Gardening & Time: The Future (Part 4 of 5)

Consider how can prior and current crops affect the future. What actions can be taken to ensure a successful garden in the future? Understand that pests from prior gardens often show up in future gardens.
If weeds in a garden got out of control in the past, a gardener should expect those seeds to show up in the future and to prepare accordingly. The combination of good weed management and vigorous crop growth can greatly reduce weed pressure on a garden.
To reduce the chances of garden plants getting diseases, it is important to rotate plants from season to season and from year to year by using unrelated plants. When rotating to unrelated plants, the disease cycle may be broken, which can lead to healthier crops and better yields. The same is true for insect pests. This is particularly true for insect pests that feed on roots or that reside in the soil.
Understanding the past, present and future can significantly affect crop success at any scale. Large commercial farms commonly use these principles and so can the smallest garden benefit as well.
An effective way to prepare for a successful future is to understand variables that one will encounter in the future. For example, a soil sample can be taken to determine the pH and nutrients that are present, and which nutrients and how much may be needed for future crops. Soil pH is an important variable as it can affect the availability of nutrients that can be taken up by the plants. If the soil pH is below 5.5, lime can be added, as determined by the soil sample results, to raise the pH to around 6.0. The addition of lime is best up to three months prior to planting and can affect soil pH for up to several years.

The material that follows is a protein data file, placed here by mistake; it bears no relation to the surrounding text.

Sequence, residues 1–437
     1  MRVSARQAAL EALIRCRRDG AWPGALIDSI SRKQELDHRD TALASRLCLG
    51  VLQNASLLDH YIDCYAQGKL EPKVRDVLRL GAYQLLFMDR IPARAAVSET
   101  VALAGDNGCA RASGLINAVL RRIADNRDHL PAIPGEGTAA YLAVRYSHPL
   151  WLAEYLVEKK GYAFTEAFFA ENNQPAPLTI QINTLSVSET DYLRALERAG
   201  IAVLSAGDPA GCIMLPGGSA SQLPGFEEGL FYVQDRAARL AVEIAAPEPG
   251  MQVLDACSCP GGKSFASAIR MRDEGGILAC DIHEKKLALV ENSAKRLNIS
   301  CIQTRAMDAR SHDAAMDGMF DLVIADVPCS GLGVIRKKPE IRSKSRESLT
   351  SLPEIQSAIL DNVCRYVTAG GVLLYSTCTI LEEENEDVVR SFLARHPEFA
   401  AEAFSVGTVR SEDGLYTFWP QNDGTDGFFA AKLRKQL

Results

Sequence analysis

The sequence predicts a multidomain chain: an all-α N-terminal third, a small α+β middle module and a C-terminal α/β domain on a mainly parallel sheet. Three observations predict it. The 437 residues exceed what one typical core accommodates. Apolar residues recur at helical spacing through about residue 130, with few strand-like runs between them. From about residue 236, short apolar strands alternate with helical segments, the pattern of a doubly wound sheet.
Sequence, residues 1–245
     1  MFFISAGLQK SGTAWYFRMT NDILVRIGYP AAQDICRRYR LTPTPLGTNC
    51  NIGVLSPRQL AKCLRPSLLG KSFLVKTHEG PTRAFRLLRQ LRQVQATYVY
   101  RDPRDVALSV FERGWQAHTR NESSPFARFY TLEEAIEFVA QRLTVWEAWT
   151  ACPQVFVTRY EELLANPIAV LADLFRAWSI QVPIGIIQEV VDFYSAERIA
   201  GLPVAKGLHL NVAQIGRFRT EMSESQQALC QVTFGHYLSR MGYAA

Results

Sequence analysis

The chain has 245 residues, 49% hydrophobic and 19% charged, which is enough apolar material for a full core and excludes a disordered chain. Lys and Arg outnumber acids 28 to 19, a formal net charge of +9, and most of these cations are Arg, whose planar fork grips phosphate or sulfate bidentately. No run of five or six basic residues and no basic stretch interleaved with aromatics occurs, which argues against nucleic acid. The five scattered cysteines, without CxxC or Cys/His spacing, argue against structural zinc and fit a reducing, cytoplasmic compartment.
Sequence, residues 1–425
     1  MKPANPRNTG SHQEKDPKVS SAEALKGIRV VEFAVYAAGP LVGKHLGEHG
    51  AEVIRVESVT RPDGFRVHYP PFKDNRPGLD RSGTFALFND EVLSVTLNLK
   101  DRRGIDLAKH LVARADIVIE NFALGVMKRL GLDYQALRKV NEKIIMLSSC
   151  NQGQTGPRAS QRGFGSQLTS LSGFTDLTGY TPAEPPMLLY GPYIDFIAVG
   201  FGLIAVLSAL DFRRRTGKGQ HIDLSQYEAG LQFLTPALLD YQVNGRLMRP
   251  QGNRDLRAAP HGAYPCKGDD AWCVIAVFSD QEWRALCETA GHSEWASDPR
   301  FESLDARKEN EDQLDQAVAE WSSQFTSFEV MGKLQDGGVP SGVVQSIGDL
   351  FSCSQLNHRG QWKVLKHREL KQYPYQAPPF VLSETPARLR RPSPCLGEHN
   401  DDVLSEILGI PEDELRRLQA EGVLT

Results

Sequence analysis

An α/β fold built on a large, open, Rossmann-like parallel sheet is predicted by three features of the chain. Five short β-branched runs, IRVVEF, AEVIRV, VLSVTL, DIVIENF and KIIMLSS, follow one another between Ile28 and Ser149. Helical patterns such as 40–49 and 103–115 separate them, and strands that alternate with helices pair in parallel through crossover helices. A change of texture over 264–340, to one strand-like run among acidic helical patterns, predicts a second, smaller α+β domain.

Other variables to consider are the seasonal weeds, pests, and pathogens one might expect to see. Preventing these problems in the first place is always better than merely reacting to the problems after they have occurred. If there are known or expected problems that occur seasonally, consider your options to effectively and sustainably prevent these problems. A concept that many agriculturalists use is integrated pest management, or IPM. The goal of integrated pest management is to identify and understand a problem and use multiple strategies to sustainably control or prevent these problems from occurring.

Think about your future gardening goals and plan accordingly.



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Posted: October 20, 2022

Category: Agriculture, Crops, Fruits & Vegetables, Horticulture, Pests & Disease
Tags: Agriculture, Crops, Fruit, Garden, Organic, Pests, Sustainable, Vegetable

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